Keys to Success: Opportunity and Adaptability

Posted by Chuck Kocher
On February 19, 2013

A few weeks ago there was a fairly significant announcement from the United States Postal Service (USPS). In an effort to right their financial ship and stave off extinction, the USPS released the news that, beginning in August, they would no longer offer Saturday letter delivery.

Part of the reason that announcement was significant, of course, is due to the fact that the USPS is such an icon of American life. The USPS is also a major employer, listing 546,000 employees in its 32,000 facilities and generating $66 billion in revenue in 2011.

On top of that, the USPS has been an integral part of business in the United States for years. The dominant role that the Post Office has played in the life of business, however, has been diminishing over the past few years.

So while the USPS announcement that they were suspending Saturday delivery was perhaps significant, it wasn’t really surprising. And it wasn’t even the big story. Hot on the heels of the USPS announcement, rumors began to swirl that was looking at the substantial resources of the USPS to provide same-day delivery for their customers.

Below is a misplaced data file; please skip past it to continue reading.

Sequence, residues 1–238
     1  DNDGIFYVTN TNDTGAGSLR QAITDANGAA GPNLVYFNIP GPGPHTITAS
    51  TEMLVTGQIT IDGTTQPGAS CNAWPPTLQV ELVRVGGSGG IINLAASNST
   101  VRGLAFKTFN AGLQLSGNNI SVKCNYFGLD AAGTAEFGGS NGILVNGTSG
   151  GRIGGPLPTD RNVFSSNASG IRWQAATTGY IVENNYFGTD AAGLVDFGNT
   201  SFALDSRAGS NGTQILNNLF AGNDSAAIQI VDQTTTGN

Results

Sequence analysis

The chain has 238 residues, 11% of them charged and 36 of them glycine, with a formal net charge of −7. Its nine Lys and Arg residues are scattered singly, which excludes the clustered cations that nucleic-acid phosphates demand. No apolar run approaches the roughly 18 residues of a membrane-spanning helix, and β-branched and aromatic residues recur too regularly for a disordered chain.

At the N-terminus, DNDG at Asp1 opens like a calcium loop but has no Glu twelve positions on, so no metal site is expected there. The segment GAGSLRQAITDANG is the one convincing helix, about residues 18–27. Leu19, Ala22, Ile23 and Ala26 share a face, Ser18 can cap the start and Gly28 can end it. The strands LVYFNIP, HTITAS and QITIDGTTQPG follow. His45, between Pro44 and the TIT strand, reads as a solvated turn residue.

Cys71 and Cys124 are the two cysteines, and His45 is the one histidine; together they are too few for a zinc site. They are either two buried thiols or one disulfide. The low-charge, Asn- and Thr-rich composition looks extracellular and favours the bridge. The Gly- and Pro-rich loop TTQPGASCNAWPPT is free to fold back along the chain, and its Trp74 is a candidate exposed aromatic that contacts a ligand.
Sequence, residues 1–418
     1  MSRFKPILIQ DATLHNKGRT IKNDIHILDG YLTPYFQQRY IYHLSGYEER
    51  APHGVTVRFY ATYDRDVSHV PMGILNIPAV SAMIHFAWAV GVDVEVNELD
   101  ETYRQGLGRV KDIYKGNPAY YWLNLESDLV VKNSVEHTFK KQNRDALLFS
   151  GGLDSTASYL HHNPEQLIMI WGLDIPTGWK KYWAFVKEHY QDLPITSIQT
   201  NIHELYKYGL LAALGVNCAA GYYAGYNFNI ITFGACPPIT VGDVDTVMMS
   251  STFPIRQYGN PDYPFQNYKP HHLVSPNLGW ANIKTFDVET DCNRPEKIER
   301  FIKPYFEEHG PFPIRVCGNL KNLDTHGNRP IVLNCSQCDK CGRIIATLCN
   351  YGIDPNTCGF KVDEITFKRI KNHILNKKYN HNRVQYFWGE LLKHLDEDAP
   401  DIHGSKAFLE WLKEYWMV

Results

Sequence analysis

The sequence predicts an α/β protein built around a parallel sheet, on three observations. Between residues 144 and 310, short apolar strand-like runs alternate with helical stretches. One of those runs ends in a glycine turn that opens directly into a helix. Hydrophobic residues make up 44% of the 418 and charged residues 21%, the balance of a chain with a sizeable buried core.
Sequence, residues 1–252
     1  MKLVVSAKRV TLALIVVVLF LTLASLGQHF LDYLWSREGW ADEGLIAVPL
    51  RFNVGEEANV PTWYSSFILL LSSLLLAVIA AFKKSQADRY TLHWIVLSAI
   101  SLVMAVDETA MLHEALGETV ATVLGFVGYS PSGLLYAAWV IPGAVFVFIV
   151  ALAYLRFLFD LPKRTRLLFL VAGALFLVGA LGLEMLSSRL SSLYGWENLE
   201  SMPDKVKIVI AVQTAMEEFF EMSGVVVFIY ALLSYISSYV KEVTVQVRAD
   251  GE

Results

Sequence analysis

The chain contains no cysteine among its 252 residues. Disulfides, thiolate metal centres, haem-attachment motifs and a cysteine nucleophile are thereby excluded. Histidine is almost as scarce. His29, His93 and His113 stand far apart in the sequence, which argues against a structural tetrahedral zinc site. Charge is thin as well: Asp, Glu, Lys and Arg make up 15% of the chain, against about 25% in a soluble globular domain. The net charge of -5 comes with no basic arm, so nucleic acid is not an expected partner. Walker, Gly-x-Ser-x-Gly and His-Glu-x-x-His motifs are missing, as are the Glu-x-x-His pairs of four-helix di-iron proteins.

It’s kind of interesting. While the USPS has struggled to adapt to change— has been an agent of change. Even though it took them a long time to realize a profit, changed business. They changed the way people shop. They understand that they have to keep changing—keep adapting to what their market wants. Originally didn’t have much competition. Now most retailers offer online services. What once made them unique is now pretty much a commodity. So they’re looking to raise the stakes—and they’re looking at same-day delivery as a means to do it.

What we have here are two organizations with different-but-related problems. The USPS has a pretty significant infrastructure. They have the equipment and the personnel in place to deliver a lot of packages quickly. What they don’t have is the demand. Amazon, on the other hand, has more demand than their infrastructure can handle.

Will we see a new partnership between and the USPS? I don’t know. There are a lot of details to be worked out. But it’s interesting that (at least on the part of someone is looking—not just at the business problem, but also at a possible unique and powerful business solution.

What about your business? Do you have a business problem that might actually be a business opportunity if you could find the right partner? Or do you have an underused strength that could be turned into a major gain by someone else who lacks what you have to offer? Not all business successes are achieved by “Lone Ranger” companies. Sometimes partnering up (formally or informally) can meet a need that neither company can meet on their own.